Kokomo Tribune; Kokomo, Indiana

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Opinion

August 14, 2013

Scooter issue sparks debate for new laws

The issue: Scooters are largely unregulated in Indiana.

Their view: Indiana legislators need to take a serious look at scooter laws in 2014.

 

Momentum is building to improve the laws regulating scooters in Indiana.

Three state legislators from the Evansville area — representing both political parties — have launched a petition drive with a simple statement: “I think the state and local laws regarding scooters should be updated for the safety of those who use our roadways.”

The legislators issued a statement saying Indiana suffers from “a glaring lack of laws covering these vehicles.”

Their statement continues: “… we feel the time is now to start building a consensus for legislation that covers registration, licensing, safety training and insurance for motorized scooters.”

Under current rules, no license or insurance is required to operate a scooter, but riders must be at least 15 years old and possess either a driver’s license or state-issued identification card. Riders under age 18 are required to wear helmets and eye protection.

Giving urgency to the push for better rules, state statistics show the number of accidents involving scooters across Indiana has increased from 310 in 2004 to 1,177 in 2012.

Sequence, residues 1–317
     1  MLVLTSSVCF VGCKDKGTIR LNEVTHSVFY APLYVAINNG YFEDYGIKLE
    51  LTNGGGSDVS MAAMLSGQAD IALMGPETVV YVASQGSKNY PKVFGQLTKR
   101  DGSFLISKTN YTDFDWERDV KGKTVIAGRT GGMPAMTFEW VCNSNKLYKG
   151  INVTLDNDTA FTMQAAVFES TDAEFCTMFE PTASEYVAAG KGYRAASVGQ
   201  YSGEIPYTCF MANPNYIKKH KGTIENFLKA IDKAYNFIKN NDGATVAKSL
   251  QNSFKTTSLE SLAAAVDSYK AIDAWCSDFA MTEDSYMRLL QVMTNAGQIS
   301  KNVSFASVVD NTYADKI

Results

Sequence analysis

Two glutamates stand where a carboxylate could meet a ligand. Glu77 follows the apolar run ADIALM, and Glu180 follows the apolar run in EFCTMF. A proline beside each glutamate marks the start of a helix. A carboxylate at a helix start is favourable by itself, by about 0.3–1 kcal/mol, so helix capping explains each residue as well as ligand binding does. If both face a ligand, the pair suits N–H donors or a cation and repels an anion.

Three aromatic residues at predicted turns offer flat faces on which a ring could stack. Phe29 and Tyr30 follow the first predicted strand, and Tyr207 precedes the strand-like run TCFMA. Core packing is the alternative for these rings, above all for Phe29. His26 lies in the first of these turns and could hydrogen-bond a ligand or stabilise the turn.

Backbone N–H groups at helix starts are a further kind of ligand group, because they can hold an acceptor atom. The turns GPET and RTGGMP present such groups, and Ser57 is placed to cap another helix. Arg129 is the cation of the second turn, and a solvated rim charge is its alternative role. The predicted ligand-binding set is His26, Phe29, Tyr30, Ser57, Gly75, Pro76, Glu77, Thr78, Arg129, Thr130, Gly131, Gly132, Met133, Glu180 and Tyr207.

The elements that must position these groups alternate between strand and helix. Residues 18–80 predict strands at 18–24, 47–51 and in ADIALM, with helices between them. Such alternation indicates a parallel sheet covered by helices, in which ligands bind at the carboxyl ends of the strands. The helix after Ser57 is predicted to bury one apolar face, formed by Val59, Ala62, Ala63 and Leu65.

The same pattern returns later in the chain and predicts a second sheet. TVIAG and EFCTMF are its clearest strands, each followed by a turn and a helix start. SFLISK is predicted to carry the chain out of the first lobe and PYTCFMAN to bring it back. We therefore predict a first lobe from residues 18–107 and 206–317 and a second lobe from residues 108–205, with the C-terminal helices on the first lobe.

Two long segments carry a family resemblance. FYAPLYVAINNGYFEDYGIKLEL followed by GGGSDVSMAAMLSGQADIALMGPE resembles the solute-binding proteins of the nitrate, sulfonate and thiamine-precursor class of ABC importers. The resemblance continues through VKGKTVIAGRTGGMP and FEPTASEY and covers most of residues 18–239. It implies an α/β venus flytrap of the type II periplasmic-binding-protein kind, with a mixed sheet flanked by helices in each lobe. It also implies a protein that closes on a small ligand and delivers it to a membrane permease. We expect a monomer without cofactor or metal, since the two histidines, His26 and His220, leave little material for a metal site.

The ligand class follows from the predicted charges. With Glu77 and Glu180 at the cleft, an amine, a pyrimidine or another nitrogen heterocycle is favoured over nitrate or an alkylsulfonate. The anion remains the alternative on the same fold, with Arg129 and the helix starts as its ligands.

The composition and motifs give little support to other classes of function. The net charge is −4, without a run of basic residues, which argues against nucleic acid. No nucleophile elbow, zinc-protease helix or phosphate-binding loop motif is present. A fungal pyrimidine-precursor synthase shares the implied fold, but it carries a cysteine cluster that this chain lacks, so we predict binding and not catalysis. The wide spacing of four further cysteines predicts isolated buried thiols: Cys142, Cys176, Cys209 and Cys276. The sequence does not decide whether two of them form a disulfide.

Evansville police, who are supporting the campaign for better laws, have kept statistics illustrating the problems with scooters.

In 2008, the southwest Indiana city saw nine accidents involving scooters. In 2012, the number grew to 90 scooter-related accidents. Scooter drivers were responsible for 52 of those accidents, and none of them had insurance. Only three of them had valid driver’s licenses.

Of the 90 scooter drivers involved in accidents in Evansville, 32 had their driver’s licenses suspended — and 22 of them had multiple license suspensions.

Many of the people on scooters are riding them because they are not allowed to drive automobiles. Requiring a driver’s license to operate a scooter could take a large share of scooter riders off the roads. That may be why efforts to regulate scooters at the state level died in the Legislature in 2012 and last winter.

Scooter supporters say dangerous operators make up a tiny percentage of the estimated 50,000 scooter riders. They add scooters allow people who have lost their driving privileges to keep their jobs until they are reinstated.

However, a law requiring registration would not prevent anyone from riding a scooter. It might help solve some scooter thefts, which have quadrupled in recent years, according to Evansville’s statistics.

Insurance also would be a reasonable requirement. The scooter rider may be at the greatest risk in a collision, but other people and vehicles can be harmed, too.

We hope Indiana legislators will take a serious look at scooter laws in 2014, and that the effort to reform those laws won’t run out of gas.

— The News Sun, Kendallville

 

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